Case study —

The Font Review Journal

( A )

Typefaces take years of time and experience to craft, but there is so rarely any thoughtful analysis around new releases, even from the type designers themselves. I’m always disappointed when I go to research the creation of a font and can’t find anything other than a single paragraph of text explaining its existence. There’s often a communication chasm between practicing designers and the type designers that craft the typefaces that are vital to their work. The FRJ hopefully bridges that gap.

It’s also my attempt to explain the value of typefaces to anyone, regardless of their comfort with typography. I want to focus on concrete, objective observations that designers of any skill level can understand while at the same time keeping the writing approachable and fun.

( B )

The Font Review Journal is comprised of essays that analyze typefaces throughout history, based on their own formal merits, their connections to type design history, and their usage by designers. The goal is to create a clearer picture as to what makes each of these typefaces unique, and to tie these learnings to the real-world applications they resulted in.

The end result is a greater understanding between type designers and visual designers, and the relationship between typeface development and stylistic evolution over time.

( C )

  • Started in 2017
  • Over 100,000 people have visited the site and read a review

The structure

The reviews all follow the same basic format. There’s an introduction that speaks to why the typeface was chosen, followed by a section focusing on the historic influences on the typeface (or in lieu of that, the defining design details). The bulk of each review focuses on the specific strengths of the typeface and uses real-world examples to illustrate specific characteristics and trends in how designers use the font. Finally, there is a section to address any quirks or eccentricities of the font you should be aware of. In addition to the main text, there is a selection of notable glyphs that I find interesting in each typeface.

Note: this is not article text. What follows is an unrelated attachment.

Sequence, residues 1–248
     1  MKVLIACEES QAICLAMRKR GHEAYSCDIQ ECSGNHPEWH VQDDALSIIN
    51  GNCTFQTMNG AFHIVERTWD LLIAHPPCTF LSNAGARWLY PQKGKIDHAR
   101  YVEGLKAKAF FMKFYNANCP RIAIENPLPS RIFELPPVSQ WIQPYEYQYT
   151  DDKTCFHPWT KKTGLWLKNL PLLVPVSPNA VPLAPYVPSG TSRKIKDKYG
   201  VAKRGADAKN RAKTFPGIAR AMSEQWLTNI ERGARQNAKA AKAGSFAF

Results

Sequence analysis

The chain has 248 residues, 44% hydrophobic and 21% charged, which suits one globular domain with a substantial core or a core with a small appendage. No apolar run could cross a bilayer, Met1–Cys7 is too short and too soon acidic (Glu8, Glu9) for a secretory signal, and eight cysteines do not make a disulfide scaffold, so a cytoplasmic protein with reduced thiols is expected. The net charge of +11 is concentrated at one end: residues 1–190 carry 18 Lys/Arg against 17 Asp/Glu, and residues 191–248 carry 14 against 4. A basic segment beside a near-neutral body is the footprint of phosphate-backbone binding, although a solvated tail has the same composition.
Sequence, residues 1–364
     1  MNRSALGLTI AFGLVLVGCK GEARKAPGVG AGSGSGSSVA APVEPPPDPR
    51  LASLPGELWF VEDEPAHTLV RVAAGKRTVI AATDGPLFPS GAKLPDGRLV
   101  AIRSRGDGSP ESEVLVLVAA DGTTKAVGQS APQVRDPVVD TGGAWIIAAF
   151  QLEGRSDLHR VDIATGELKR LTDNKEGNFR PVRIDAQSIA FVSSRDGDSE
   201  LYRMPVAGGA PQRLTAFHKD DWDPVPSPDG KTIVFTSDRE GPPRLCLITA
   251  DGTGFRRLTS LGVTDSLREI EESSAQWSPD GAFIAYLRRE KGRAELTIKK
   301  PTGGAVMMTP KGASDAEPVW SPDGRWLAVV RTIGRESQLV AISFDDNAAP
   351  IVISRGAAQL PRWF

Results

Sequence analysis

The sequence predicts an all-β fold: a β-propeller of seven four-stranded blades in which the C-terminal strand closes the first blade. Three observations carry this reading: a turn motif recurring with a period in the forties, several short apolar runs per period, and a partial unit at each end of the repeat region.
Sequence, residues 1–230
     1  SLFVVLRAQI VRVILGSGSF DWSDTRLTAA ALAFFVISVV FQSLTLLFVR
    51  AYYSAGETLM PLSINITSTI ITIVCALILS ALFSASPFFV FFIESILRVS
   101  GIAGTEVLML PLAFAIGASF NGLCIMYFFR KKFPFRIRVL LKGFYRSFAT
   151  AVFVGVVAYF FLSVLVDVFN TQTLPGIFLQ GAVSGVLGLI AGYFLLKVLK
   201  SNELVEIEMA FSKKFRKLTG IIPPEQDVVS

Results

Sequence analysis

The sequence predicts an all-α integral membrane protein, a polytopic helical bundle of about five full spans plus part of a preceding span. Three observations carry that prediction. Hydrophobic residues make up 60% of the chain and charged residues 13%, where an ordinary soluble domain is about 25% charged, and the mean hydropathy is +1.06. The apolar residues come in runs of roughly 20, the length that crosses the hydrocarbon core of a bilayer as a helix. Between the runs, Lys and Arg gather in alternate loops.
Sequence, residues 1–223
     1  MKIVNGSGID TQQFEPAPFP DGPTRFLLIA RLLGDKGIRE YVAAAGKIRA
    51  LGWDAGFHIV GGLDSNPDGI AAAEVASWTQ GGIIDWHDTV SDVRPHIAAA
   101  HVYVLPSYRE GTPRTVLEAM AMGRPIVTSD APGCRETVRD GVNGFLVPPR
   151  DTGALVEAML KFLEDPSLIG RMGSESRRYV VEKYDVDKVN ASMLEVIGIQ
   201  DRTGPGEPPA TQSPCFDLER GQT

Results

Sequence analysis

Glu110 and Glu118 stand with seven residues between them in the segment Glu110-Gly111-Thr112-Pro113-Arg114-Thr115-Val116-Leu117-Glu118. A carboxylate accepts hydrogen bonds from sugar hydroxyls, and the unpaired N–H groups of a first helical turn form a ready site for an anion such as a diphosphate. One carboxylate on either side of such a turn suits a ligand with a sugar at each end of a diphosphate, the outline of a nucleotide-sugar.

The reviews vary in length, but tend to fall between 2-4,000 words. The longest review (Windsor) clocks in at just over 6,100 words and has 47 cited illustrations. A review can take anywhere between 20-40 hours to research, write and produce.

[fig 1]

I wanted the site to allow for a multi-column experience so I could have illustration-dense articles and also accommodate images of a variety of sizes. Because of this, I went with an asymmetrical presentation of the text to give myself a “wide” column and a “narrow” one. All of the images are captioned and cited with links back to the source when available. Because the images are crucial to the points being made in the text, I needed a citation system to clearly reference images in the main body of the text. Each citation links to an anchor tag where the appropriate image is placed, allowing you to easily find them as you read.

[fig 2]
The site allows me to add images to the left column and relate them to the content in the main column.

The site is built in “blocks” for either full width images or a section of the right column of text, and each block can either have a single image on the left, a slideshow (solely used for Notable Characters) or no image at all. Any of the left-handed images can be aligned to the top, middle or bottom of each block. This gives me the freedom to craft layouts that feel natural but are still controlled by an easy-to-use system.

Someday I’d love to rebuild the site with CSS Grid, which would allow for even more options for how the two columns relate to each other.

The Notable Glyphs section of the review is something I usually save for the end, after I’ve written the first draft of the main essay. There’s usually a few obvious selections at the top of my mind, and I spend time digging through the glyph palette search for more options across the weights and widths of the typeface. Occasionally, switching context to the glyphs sparks a thoughts that ends up feeding back into the main text of the review.

[fig 24]

There have been several instances during the course of writing a review where I’ve had the spark of an idea for a use of a typeface, such as animating the different modules that make up a typeface like Text.

[fig 25]
The first specimen for the first review